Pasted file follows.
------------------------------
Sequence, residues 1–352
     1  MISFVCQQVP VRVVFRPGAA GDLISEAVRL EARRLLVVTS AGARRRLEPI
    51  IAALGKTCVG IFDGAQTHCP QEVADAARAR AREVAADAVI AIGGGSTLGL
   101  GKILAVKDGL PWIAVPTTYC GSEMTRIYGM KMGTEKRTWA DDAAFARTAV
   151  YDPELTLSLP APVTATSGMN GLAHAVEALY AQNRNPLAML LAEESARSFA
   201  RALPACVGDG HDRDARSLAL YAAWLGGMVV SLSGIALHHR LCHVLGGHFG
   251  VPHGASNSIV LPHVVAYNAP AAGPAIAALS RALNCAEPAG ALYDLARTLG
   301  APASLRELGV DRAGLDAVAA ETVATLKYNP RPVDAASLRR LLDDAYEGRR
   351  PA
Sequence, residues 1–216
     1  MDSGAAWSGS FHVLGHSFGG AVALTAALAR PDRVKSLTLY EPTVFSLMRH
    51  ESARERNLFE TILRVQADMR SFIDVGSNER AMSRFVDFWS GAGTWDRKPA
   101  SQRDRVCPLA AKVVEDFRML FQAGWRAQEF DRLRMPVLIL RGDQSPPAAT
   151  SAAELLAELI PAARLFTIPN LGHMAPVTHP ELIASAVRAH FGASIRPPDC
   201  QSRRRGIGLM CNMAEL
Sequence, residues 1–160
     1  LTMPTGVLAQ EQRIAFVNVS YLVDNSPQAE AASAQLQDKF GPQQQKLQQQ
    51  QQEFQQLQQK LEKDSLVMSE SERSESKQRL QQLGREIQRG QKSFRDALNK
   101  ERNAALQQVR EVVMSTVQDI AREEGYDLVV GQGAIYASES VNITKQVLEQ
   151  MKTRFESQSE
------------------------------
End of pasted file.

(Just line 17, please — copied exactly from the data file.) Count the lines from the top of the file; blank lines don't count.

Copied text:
     1  LTMPTGVLAQ EQRIAFVNVS YLVDNSPQAE AASAQLQDKF GPQQQKLQQQ